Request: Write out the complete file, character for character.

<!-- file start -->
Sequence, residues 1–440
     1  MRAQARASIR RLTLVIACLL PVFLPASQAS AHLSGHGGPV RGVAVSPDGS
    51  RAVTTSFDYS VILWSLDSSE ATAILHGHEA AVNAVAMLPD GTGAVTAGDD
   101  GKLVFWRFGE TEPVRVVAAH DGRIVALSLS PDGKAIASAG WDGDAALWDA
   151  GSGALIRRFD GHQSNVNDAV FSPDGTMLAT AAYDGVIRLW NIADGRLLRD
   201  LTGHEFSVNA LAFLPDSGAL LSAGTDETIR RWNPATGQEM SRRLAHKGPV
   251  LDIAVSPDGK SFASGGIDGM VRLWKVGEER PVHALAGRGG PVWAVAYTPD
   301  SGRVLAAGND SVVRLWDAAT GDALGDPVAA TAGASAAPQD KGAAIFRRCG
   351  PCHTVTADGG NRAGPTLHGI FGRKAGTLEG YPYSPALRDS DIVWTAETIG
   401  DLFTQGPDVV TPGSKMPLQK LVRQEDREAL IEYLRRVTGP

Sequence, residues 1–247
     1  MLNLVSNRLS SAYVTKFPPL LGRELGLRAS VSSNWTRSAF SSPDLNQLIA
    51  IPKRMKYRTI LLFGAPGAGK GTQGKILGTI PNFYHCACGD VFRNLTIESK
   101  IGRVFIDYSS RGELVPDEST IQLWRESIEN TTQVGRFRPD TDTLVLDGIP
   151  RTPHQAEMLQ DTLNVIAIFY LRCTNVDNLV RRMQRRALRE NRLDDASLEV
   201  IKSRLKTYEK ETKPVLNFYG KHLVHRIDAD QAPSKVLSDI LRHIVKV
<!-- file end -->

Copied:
Sequence, residues 1–440
     1  MRAQARASIR RLTLVIACLL PVFLPASQAS AHLSGHGGPV RGVAVSPDGS
    51  RAVTTSFDYS VILWSLDSSE ATAILHGHEA AVNAVAMLPD GTGAVTAGDD
   101  GKLVFWRFGE TEPVRVVAAH DGRIVALSLS PDGKAIASAG WDGDAALWDA
   151  GSGALIRRFD GHQSNVNDAV FSPDGTMLAT AAYDGVIRLW NIADGRLLRD
   201  LTGHEFSVNA LAFLPDSGAL LSAGTDETIR RWNPATGQEM SRRLAHKGPV
   251  LDIAVSPDGK SFASGGIDGM VRLWKVGEER PVHALAGRGG PVWAVAYTPD
   301  SGRVLAAGND SVVRLWDAAT GDALGDPVAA TAGASAAPQD KGAAIFRRCG
   351  PCHTVTADGG NRAGPTLHGI FGRKAGTLEG YPYSPALRDS DIVWTAETIG
   401  DLFTQGPDVV TPGSKMPLQK LVRQEDREAL IEYLRRVTGP

Sequence, residues 1–247
     1  MLNLVSNRLS SAYVTKFPPL LGRELGLRAS VSSNWTRSAF SSPDLNQLIA
    51  IPKRMKYRTI LLFGAPGAGK GTQGKILGTI PNFYHCACGD VFRNLTIESK
   101  IGRVFIDYSS RGELVPDEST IQLWRESIEN TTQVGRFRPD TDTLVLDGIP
   151  RTPHQAEMLQ DTLNVIAIFY LRCTNVDNLV RRMQRRALRE NRLDDASLEV
   201  IKSRLKTYEK ETKPVLNFYG KHLVHRIDAD QAPSKVLSDI LRHIVKV